Local bodybuilders show muscle in first competition

Christine June, Story and photos
415th Base Support Battalion

***image1***Courage was the common trait shared by the three KMC members who competed in their first bodybuilding competition at the U.S. Forces Bodybuilding Championships held Oct. 16 in their own backyard at KMC Onstage on Kleber Kaserne.

Army Sgt. Brandon Herrington trained and dieted for two months to prepare for the competition. Pvt. Lawrence Shaw works out at the gym everyday but really didn’t pursue his dream until now. And, Nadia Gruner is a gymnast who was talked into the competition by some well-meaning friends.

The “home” event hosted by the 415th Base Support Battalion’s Sports and Fitness Office gave all three a day where they can say, “I did it!”

He was just six weeks away from competing in his first bodybuilding competition in the “Border States San Diego” when his unit, the 349th General Hospital, was deployed to Landstuhl Regional Medical Center in February.

“I’ve always been interested in bodybuilding since I was a little kid,” said Herrington, who joined the Army when he was 17. “I trained on makeshift lateral pull down machines in my garage when I was really young, but the first time that I actually started training hard was the first time a girl broke my heart.”

Herrington, who works nights as a shift supervisor, kept working out at the gym so that when the unit’s tour ends in February 2005, he could still compete in the myriad of bodybuilding competitions held in California.

As luck would have it, he didn’t have to wait that long. As soon as he found out that a bodybuilding competition was going to be held here, he stepped up his training program.

He worked out two to three times a day. One of those workouts would be cardio with the other ones consisting of heavy lifting. His diet kept getting more defined during his two-month preparation for the competition. About two weeks before the competition, he was only eating plain chicken breasts, broccoli, brown rice and lots of egg whites.

“I’m glad to get back to normal eating,” said Spc. Mary Hall, who is also assigned to the 349th General Hospital and who supported Herrington during his training regime by eating the same stuff that he ate. “He did really well.”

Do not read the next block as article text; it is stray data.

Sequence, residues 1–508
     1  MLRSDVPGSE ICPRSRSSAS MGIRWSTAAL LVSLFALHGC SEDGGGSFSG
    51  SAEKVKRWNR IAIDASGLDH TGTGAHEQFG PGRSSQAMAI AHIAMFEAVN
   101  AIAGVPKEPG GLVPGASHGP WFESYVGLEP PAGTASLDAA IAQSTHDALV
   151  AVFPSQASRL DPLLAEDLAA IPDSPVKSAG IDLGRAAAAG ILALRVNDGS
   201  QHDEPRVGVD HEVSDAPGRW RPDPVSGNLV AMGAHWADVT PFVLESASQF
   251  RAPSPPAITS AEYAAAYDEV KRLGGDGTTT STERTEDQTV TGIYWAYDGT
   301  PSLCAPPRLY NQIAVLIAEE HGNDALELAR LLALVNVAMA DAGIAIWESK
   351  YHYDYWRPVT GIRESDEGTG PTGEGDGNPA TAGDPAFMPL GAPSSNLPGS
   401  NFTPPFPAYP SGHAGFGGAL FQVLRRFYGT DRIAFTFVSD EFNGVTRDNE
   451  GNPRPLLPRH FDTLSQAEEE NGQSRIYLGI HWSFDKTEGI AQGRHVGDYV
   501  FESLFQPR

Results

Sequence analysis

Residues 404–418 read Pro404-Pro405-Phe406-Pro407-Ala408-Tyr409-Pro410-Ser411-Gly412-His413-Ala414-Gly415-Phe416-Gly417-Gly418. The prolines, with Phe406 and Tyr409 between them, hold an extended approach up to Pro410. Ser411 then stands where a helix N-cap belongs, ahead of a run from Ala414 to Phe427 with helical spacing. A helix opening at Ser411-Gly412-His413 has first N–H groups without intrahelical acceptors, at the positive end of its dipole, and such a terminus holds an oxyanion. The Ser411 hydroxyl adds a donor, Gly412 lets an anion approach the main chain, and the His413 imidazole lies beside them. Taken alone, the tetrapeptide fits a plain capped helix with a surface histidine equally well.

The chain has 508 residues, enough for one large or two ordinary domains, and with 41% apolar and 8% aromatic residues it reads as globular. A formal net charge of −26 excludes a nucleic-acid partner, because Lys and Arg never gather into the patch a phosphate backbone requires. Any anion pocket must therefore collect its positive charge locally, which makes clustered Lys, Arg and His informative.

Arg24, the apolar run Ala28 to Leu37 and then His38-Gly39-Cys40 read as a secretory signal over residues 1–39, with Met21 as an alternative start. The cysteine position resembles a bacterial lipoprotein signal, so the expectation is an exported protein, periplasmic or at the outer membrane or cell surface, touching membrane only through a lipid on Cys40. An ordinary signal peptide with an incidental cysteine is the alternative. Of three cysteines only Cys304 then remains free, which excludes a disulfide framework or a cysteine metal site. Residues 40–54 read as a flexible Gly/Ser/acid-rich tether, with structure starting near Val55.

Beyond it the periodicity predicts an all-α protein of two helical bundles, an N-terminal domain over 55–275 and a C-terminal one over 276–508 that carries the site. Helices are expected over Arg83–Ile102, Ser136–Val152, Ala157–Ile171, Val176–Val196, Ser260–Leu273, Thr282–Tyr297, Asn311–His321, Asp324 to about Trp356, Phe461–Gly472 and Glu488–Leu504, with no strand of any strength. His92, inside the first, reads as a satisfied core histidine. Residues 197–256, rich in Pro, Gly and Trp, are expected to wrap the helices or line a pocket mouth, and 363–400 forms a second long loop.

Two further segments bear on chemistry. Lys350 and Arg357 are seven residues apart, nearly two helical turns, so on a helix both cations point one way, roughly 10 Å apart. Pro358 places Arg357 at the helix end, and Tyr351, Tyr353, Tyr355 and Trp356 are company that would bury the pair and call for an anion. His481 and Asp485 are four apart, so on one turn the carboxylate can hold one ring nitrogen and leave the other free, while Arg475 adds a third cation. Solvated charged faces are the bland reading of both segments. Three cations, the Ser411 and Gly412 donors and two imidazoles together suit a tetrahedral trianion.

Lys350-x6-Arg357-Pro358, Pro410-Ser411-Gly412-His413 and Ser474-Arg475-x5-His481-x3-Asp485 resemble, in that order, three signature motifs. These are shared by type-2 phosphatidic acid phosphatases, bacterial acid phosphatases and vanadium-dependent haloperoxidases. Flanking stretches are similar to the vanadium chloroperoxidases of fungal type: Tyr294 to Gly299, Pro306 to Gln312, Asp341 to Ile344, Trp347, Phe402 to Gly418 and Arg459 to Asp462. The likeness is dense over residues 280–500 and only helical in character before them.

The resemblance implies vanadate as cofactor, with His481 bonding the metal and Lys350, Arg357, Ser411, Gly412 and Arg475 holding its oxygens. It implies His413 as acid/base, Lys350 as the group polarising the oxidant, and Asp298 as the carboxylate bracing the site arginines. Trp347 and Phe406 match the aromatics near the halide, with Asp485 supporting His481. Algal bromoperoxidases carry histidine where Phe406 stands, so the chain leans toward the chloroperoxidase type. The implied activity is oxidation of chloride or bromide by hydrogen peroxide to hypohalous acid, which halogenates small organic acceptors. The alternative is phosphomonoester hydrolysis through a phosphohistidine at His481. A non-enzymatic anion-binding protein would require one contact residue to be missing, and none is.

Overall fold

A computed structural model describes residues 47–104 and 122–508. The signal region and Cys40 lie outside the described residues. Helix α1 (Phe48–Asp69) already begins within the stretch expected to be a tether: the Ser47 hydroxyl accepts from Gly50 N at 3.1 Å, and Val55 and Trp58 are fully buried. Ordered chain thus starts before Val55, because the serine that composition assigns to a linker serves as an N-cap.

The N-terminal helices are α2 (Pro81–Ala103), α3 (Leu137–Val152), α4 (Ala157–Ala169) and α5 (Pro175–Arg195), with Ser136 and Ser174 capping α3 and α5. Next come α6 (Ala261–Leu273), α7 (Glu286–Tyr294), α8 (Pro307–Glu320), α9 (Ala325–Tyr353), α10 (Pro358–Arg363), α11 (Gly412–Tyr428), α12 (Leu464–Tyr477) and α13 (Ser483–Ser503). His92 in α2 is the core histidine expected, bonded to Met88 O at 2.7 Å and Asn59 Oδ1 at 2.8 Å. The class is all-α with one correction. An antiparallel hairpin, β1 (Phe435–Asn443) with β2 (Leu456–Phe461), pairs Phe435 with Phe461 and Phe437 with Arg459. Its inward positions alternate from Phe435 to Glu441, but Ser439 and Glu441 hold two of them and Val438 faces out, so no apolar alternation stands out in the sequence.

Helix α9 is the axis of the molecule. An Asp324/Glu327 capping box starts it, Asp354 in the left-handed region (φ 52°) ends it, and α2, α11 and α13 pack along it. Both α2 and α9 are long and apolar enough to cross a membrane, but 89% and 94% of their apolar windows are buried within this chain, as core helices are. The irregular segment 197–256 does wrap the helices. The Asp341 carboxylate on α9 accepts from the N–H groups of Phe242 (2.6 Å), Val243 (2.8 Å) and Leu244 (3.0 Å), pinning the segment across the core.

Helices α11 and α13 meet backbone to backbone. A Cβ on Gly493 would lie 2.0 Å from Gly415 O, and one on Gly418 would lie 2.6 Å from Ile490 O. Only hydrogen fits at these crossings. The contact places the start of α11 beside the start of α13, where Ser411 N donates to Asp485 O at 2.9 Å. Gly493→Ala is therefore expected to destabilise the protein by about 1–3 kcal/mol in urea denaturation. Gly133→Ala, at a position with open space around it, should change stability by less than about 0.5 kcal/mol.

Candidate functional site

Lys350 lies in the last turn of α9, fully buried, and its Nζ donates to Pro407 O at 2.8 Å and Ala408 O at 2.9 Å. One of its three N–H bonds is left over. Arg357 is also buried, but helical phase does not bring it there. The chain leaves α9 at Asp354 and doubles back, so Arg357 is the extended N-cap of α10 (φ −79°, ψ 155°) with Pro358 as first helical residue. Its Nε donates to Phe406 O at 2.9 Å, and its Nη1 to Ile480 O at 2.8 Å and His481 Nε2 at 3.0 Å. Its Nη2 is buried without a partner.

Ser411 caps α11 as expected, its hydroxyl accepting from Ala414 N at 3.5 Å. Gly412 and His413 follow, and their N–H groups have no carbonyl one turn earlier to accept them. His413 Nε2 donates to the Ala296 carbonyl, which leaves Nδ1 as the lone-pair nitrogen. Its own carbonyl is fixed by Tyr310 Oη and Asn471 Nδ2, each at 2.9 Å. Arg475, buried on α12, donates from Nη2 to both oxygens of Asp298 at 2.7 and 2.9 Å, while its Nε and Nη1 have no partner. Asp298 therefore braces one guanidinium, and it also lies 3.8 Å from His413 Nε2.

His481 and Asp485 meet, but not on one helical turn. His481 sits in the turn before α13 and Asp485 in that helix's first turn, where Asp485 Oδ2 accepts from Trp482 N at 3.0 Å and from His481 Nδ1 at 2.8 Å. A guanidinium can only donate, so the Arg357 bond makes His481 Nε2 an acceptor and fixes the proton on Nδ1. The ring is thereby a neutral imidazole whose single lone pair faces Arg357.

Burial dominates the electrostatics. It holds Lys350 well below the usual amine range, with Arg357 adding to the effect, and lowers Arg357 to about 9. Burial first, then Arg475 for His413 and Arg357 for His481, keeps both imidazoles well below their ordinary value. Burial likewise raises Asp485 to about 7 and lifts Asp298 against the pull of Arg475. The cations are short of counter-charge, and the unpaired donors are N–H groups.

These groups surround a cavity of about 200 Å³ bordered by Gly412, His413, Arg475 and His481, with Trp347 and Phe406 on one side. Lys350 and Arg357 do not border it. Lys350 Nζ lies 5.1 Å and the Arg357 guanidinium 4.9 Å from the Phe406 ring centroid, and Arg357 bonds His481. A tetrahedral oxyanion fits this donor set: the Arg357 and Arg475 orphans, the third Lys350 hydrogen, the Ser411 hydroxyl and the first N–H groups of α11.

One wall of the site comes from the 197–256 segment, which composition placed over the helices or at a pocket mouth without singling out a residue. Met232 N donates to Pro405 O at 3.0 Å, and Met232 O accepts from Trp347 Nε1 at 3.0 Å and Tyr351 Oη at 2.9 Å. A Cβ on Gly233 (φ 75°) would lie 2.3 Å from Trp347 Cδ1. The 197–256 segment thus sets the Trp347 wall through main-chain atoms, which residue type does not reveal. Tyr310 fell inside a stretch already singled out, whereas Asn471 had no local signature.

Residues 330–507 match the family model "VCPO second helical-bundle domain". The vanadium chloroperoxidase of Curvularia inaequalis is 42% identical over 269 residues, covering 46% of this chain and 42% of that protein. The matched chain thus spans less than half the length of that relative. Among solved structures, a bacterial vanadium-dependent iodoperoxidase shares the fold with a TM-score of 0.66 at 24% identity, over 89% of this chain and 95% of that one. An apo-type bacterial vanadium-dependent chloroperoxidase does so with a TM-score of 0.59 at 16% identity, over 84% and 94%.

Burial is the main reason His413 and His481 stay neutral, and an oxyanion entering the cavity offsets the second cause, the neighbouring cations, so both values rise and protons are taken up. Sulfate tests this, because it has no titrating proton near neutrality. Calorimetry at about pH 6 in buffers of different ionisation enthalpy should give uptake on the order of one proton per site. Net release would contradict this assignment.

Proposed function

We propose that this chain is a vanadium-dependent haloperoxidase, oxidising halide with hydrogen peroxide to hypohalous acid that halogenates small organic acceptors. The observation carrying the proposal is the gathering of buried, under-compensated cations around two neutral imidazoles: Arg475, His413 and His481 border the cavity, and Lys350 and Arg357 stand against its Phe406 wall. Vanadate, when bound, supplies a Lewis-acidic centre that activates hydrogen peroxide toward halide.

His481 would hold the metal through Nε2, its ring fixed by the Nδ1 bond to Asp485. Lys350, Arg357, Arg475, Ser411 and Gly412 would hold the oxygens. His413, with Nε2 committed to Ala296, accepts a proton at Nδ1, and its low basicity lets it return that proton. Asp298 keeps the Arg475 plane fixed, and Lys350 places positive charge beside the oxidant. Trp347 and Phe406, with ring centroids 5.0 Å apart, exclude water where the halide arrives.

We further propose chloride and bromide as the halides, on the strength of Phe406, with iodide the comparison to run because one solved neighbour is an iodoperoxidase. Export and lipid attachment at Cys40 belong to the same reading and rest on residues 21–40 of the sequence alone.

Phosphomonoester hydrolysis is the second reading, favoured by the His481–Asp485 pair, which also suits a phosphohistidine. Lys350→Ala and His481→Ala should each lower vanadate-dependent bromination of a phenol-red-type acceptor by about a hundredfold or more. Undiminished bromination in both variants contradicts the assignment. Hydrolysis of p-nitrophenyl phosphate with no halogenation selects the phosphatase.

Herrington placed fifth in the middleweight class and now has his first competition under his belt.

“I thought he had done it before the way he was out there posing,” said Charlie Carollo, a judge at the event and the International Natural Bodybuilding and Fitness Federation chairman. “He did excellent on his mandatory poses and his routine was very graceful during the pre-judging.”

He was at the Kleber Fitness Center every day after putting in a full day’s work as a network administrator at 1st Transportation Movement Control Agency on Kleber Kaserne. His hard work did not go unnoticed.

“I would see him in the gym working hard all the time,” said Quinton Floyd, Kleber Fitness Center and Gymnasium manager. “So I talked him into it because I felt he was in good shape and could compete here.”

Then, Shaw got more encouragement from his biggest fan, Paula Heggs, who works for a contractor in Ramstein.

“It was a dream of his for a long time and with all the duties of the military, he really didn’t have time to train,” said Heggs. “At the last minute, he said I’m going to do it, and I think he did great.”
Shaw placed fourth in the heavyweight class and is now on his way to pursuing his dream.

“When I was in the seventh grade, I wanted to get bigger because everyone was bigger than me, but I haven’t really pursued it until now,” said Shaw. “I’m really glad that I did it because the first one is the entry door to a lot more.”

She had the body but not the know-how. In fact, she didn’t know anything about bodybuilding.

“I was scared. I did not know what to do,” said Gruner, who has trained as a gymnast since she was five-years-old. “I came here with the wrong bathing suit, and I didn’t have the right tanning lotion. I came here not having a routine, just a song.
“This is not my world,” said Gruner, a native of Paris. “My world is gymnastics.”

Gruner also didn’t know the poses, not even the names of them, but she was able to improvise the poses and routines because she received help from her only competitor in the middleweight class.
“I went over the poses with her, but she didn’t look comfortable with it so I told her that we are all going to be on stage together so just look left or right and mirror what we do,” said Staff Sgt. Billie Dixon, Allied Forces North battalion school NCO. “And, she went out there and did it, and the judges who hadn’t come back stage before the pre-judging, probably didn’t know that she didn’t know what she was doing up there.”

One of those judges, who did go back stage and did know that Gruner was getting quick lessons from Dixon, was Carollo.
“I was very impressed,” he said. “She held her own on stage, and I think she’s got the bug now.”

Dixon and others at the competition also said that Gruner was now a bodybuilder, but after the pre-judging Gruner, who drives 45 minutes one way three times a week to train, was adamant that she was a gymnast not a bodybuilder. However, after the evening show, she changed her tune.

“I saw the men during the show. They looked like tigers,” said Gruner. “I want to be a female tiger.”